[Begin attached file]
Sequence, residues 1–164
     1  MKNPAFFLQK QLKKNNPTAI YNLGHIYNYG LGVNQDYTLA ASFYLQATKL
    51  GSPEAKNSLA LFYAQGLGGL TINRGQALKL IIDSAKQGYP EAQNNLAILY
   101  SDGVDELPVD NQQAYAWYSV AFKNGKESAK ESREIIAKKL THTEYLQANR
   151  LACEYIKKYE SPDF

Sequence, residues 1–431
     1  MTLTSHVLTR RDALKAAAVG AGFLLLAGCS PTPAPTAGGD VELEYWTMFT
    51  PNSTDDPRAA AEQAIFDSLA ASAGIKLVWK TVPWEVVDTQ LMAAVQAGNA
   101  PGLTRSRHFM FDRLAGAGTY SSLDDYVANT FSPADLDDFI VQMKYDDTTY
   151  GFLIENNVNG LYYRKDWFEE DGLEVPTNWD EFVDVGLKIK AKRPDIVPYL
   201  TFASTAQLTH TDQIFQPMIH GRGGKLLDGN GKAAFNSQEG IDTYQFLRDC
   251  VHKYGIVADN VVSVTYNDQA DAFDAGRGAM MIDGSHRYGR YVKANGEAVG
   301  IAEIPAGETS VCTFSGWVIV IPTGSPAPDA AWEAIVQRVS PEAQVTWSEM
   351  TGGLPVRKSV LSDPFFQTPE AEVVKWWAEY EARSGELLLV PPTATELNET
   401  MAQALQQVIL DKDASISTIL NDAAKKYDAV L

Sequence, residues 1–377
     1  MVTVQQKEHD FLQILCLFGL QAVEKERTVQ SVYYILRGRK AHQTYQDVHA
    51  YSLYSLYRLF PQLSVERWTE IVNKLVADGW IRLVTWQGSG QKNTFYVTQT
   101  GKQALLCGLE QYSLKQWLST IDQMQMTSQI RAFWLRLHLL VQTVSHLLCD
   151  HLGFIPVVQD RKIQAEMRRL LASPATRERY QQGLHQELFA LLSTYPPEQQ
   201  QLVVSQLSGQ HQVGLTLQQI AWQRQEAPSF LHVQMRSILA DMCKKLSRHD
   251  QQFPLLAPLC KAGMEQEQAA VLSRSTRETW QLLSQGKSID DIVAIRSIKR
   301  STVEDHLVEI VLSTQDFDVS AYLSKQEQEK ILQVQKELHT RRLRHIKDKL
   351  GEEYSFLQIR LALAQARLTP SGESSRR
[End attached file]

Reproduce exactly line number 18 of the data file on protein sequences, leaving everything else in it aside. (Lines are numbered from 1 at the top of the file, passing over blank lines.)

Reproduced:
    51  YSLYSLYRLF PQLSVERWTE IVNKLVADGW IRLVTWQGSG QKNTFYVTQT